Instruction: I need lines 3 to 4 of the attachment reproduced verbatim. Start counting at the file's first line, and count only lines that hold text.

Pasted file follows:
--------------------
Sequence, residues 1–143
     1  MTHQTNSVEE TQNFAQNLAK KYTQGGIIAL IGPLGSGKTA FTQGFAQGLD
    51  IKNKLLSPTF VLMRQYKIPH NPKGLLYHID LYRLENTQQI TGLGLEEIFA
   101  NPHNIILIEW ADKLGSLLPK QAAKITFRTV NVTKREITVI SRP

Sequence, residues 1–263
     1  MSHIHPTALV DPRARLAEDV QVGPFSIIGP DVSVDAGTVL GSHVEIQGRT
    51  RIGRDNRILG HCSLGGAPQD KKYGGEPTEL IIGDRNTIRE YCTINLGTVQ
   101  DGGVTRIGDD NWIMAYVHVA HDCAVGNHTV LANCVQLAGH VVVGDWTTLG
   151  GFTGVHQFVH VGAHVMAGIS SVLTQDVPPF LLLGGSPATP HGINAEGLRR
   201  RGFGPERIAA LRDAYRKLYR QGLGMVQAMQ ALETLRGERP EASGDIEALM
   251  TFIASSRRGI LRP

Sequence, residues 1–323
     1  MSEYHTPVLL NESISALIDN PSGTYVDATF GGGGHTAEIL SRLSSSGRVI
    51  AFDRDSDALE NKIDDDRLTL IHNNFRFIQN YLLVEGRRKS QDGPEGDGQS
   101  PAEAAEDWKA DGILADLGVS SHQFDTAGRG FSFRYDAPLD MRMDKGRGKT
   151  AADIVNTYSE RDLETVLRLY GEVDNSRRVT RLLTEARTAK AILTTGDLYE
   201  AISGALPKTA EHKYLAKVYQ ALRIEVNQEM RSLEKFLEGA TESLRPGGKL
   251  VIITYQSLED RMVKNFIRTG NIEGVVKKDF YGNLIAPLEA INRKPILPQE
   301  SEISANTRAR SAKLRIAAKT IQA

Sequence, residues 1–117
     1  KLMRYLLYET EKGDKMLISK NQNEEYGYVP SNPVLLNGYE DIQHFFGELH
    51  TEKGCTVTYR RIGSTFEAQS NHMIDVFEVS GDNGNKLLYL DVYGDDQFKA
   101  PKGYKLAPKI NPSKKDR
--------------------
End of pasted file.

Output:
    51  IKNKLLSPTF VLMRQYKIPH NPKGLLYHID LYRLENTQQI TGLGLEEIFA
   101  NPHNIILIEW ADKLGSLLPK QAAKITFRTV NVTKREITVI SRP